• Where possible, try to be interactive (not just active) to stimulate learning—back to problem based learning again.

HOW IS IT DONE?

The information (text, pictures, videos, etc) is stored in a data repository. Data repositories are linked to each other and to users to form a federation. In the context of teaching the content can be managed and accessed by a learning management system. This is software that allows the teacher to create content, the learner to access it, and the administrator to monitor the process. A variety of these are available from freeware to fully supported commercial systems. The teacher can also monitor students' progress and provide reminders if they are not progressing as expected. (This is sometimes referred to as “nagware”).

The “holy grail” of elearning is the ability to use and reuse the RLO (reusable learning object). This might be a video or perhaps a piece of text that could be used in a number of settings: case scenario, skills teaching, virtual tutorial, examination, multimedia adjunct to a real tutorial. With many subject experts creating their own content there are many different formats necessitating the agreement of an industry standard. A format called XML is generally favoured. However, the important thing is the ability to label RLOs so that users (both teachers and subsequently their learners) can access them. Hence this is probably akin to the Mac/PC debate rather than an all or nothing struggle for mutually exclusivity (for example, VHS/Betamax videos).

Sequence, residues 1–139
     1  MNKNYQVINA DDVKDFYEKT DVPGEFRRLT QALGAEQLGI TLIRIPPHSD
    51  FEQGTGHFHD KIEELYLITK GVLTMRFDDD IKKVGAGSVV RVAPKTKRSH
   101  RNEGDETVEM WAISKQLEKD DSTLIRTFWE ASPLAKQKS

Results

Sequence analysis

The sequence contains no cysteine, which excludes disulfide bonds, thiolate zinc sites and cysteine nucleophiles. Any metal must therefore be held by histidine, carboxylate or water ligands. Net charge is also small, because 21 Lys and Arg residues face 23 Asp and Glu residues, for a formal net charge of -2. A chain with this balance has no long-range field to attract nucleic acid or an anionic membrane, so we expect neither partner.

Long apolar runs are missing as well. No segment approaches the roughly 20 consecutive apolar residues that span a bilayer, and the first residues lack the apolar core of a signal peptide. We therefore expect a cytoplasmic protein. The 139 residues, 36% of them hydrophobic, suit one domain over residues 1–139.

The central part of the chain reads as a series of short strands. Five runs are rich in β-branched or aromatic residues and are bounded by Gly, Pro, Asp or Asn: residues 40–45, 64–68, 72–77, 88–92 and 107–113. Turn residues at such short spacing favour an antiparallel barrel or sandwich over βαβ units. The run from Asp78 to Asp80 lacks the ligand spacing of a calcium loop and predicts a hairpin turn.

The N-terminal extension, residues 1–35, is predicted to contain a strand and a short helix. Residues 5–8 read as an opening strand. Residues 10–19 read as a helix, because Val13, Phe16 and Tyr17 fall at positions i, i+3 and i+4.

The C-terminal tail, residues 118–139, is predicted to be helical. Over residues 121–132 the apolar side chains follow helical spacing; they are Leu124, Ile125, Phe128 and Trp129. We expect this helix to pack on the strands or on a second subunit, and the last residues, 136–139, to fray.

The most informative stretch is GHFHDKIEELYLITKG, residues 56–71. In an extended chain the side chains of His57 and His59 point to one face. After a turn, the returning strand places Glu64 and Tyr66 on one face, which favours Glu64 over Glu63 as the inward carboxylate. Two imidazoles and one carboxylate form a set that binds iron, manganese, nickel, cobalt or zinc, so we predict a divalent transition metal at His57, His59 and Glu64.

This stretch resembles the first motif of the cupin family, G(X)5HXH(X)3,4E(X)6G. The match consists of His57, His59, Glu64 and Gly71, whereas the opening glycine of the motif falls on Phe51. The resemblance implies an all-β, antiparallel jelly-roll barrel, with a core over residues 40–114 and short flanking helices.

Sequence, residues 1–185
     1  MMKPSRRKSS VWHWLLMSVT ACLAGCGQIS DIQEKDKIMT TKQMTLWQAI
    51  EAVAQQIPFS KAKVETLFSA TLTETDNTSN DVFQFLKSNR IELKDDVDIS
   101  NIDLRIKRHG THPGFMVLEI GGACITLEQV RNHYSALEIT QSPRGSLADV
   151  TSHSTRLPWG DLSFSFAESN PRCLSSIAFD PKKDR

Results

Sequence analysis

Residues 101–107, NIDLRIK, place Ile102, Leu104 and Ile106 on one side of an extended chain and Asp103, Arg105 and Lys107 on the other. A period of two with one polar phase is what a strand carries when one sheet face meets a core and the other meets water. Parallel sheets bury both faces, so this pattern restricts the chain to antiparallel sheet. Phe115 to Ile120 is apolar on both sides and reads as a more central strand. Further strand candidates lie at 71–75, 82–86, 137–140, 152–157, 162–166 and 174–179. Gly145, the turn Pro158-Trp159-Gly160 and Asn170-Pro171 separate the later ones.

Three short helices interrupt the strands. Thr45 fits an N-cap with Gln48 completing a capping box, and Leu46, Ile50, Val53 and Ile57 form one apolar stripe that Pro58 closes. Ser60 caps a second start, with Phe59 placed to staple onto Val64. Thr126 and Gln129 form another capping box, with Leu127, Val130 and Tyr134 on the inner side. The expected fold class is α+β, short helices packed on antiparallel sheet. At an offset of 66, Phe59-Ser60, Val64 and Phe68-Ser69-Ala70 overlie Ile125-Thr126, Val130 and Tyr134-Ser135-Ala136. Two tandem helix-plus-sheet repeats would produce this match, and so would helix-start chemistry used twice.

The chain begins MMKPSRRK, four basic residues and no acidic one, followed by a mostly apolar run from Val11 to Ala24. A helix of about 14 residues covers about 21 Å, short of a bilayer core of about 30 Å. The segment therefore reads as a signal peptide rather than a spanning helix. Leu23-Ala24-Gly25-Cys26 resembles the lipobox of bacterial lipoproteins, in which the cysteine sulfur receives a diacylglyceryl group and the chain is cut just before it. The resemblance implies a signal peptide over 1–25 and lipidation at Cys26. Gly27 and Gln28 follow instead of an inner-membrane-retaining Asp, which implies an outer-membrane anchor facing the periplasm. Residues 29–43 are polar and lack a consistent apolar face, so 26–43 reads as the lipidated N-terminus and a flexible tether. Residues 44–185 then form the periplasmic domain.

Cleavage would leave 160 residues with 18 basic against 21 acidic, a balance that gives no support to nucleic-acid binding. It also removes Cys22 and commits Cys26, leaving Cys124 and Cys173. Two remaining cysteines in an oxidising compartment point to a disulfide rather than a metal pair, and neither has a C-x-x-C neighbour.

Within such a system a subject expert can draw up a learning resource (tutorial/case etc) in a predefined pattern and populate it with multimedia resources as appropriate. A content engineer can then convert it to the correct format. User (teacher) friendly software to create learning modules is slowly becoming more easily available. Once in the correct format it is easy to store, access and, importantly now, convert to different platforms (palmtop, laptop, mobile phone, etc). Once in place, learners can access the RLOs in a way they choose (for example, holistic, stepwise, problem based, etc). The buzzwords are “reusable”, “interoperable”, “accessible” and “durable”.

DOES IT WORK?

“The proof of the pudding is in the eating.” Cervantes, circa 1600